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In this article about how the SpaceX anomaly will affect Iridium it says:

In its official website, Iridium describes itself as "the world's only truly global mobile satellite communications company." It offers global voice and data communications coverage.

Is Iridium the only mobile satellite communications network that has polar orbits, and therefore has line-of-sight service to satellite telephones at the poles?

Quote and screen shots from: https://www.iridium.com/company/companyprofile

Reaching across land, sea, and air, including the polar regions

Company Profile: The world's only truly global mobile satellite communications company

Image of a satellite

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    $\begingroup$ They have the brightest lighthouses in space. See Iridium flare $\endgroup$ – Andreas Oct 28 '16 at 10:01
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As of today (October 2016), Iridium is the only public satcomm provider using a constellation of low earth orbit satellites with high inclination orbits to provide a service with global coverage. You can compare coverage easily on this website.

Iridium constellation (this image is from here)

Inmarsat and Thuraya in contrast use geostationary satellites, Thuraya uses spot beams to cover specific regions, while Inmarsat has wide beams. Globalstar uses low earth orbits, but the inclination of 52° does not allow to reach polar regions.

Military may have additional non-public networks. A non-public LEO/MEO constellation would not go unnoticed, as more than 30 spacecraft are needed depending on orbital height (Iridium uses 66 plus spares), so all LEO and MEO constellations tend to be known. Iridium is the only such constellation with continuous coverage of polar regions. This makes it unlikely, that military has a non-public network with coverage and latency comparable to Iridium.

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    $\begingroup$ You forgot ORBCOMM, but the inclination is lower than Globalstar, so... $\endgroup$ – PearsonArtPhoto Oct 28 '16 at 13:42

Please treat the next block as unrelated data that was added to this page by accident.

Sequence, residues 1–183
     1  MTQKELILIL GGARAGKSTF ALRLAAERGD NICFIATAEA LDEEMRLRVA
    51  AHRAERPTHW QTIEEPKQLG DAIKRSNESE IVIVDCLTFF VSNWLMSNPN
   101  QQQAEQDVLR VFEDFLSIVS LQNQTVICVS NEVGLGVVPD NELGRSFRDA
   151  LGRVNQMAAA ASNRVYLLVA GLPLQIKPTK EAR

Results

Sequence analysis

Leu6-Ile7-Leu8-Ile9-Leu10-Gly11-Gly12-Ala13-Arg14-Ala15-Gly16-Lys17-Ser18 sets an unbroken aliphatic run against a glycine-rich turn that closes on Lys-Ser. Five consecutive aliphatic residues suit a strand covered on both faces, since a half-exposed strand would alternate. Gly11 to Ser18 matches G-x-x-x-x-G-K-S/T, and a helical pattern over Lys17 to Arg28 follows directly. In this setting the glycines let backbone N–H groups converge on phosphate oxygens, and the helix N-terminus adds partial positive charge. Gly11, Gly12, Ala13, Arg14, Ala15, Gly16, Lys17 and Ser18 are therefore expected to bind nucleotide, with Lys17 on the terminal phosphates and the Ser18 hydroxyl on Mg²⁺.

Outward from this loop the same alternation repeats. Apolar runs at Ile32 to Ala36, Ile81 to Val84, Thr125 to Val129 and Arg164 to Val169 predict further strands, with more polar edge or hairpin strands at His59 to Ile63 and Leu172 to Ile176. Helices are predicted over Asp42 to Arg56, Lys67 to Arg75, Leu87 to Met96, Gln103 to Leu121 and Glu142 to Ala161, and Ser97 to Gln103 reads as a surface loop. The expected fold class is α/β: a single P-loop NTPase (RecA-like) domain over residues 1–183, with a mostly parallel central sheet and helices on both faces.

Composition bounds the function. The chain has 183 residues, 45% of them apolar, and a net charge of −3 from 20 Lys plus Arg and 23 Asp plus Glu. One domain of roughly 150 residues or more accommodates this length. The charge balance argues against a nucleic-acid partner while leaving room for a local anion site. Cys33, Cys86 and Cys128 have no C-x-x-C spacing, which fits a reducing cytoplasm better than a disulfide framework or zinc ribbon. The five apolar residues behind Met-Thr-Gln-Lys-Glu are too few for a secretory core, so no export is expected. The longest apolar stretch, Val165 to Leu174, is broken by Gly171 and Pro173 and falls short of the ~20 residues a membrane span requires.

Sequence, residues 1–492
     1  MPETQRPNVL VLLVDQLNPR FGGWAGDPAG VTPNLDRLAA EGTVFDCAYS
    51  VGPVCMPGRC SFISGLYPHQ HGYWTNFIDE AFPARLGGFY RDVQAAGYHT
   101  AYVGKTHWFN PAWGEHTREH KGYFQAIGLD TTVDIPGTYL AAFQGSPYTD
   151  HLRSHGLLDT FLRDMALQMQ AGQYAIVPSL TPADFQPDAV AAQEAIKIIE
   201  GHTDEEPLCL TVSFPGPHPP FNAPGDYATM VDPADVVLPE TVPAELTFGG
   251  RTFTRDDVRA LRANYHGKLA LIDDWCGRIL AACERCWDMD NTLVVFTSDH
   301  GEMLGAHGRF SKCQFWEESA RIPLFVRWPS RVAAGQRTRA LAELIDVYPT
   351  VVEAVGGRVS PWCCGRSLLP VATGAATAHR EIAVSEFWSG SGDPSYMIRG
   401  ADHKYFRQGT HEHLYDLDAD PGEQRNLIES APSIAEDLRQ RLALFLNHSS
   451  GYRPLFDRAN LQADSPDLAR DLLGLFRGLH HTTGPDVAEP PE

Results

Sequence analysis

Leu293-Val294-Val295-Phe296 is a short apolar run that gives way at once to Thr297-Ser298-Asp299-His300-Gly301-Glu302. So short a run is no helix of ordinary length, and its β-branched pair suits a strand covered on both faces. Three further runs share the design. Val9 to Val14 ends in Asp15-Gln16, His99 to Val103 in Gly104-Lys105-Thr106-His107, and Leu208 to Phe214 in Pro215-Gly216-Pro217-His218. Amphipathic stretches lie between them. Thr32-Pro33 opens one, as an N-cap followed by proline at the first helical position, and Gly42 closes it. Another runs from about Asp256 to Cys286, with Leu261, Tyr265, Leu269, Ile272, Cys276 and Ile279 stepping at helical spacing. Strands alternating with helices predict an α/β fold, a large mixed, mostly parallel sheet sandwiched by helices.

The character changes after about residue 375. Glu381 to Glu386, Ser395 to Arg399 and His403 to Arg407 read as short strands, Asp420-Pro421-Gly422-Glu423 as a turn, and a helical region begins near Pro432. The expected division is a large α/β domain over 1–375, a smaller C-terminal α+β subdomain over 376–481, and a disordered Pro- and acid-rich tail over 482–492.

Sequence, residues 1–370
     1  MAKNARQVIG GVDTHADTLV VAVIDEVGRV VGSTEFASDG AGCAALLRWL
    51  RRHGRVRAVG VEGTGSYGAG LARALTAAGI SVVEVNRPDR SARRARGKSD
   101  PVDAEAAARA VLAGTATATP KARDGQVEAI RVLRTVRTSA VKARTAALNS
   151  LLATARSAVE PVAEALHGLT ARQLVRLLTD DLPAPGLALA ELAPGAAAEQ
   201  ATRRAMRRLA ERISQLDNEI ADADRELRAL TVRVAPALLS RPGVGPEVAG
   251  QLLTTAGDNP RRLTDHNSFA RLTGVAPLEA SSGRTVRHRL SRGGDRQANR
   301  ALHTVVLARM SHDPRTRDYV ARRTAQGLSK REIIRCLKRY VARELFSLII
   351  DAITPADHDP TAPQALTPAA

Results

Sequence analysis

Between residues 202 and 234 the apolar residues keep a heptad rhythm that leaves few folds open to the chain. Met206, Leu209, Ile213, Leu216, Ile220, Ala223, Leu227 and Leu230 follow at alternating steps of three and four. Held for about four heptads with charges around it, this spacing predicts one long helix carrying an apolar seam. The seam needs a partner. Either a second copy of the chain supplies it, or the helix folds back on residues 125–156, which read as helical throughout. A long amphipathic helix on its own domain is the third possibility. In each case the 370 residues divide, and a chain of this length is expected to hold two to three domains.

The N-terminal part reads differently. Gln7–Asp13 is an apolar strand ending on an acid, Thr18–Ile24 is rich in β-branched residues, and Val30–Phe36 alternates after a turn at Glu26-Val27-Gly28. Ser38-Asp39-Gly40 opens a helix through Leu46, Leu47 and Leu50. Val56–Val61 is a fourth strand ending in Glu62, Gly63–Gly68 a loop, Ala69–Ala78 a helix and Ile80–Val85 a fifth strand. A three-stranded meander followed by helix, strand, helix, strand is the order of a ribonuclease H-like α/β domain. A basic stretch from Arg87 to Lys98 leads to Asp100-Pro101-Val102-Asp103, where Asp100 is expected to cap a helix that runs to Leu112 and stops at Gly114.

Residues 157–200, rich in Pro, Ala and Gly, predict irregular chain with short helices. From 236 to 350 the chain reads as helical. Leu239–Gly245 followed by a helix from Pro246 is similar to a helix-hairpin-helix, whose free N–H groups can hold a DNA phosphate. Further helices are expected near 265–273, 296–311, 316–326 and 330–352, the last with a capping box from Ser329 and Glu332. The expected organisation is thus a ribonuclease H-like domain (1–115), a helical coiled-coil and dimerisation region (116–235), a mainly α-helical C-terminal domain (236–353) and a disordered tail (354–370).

• $\begingroup$ @PearsonArtPhoto And BGAN. I was surprised how many constellations exist. $\endgroup$ – Andreas Oct 28 '16 at 13:52
  • $\begingroup$ Orbcomm was mentioned in a comment as a provider - realize that Orbcomm handles short-message data, not voice. $\endgroup$ – mike65535 Oct 28 '16 at 14:40
  • $\begingroup$ Communications in my mind includes data, voice, etc. The word "phone" or "voice" isn't mentioned in the included claim. $\endgroup$ – PearsonArtPhoto Oct 28 '16 at 15:17
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    $\begingroup$ @PearsonArtPhoto I think in this business "mobile" refers to people holding there phone type of thing. Orbcomm says they are M2M (machine-to-machine) which I think is more like distributed sensors and data collectors, that can cache and send in bursts during the next pass. "mobile" probably requires continuous coverage so people can update their Facebook or call someone in real time $\endgroup$ – uhoh Oct 28 '16 at 15:54
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As explained on the Wikipedia page (https://en.wikipedia.org/wiki/Iridium_satellite_constellation), Iridium constellation uses polar orbits. Those orbits are intended for a full "north-south" coverage.

The downside of the Polar orbit is that each orbit has a shift in longitude. This issue is corrected by the use of 6 different polar orbits (equidistant) with each individual coverage overlapping the next one (see the GIF on the Wikipedia page).

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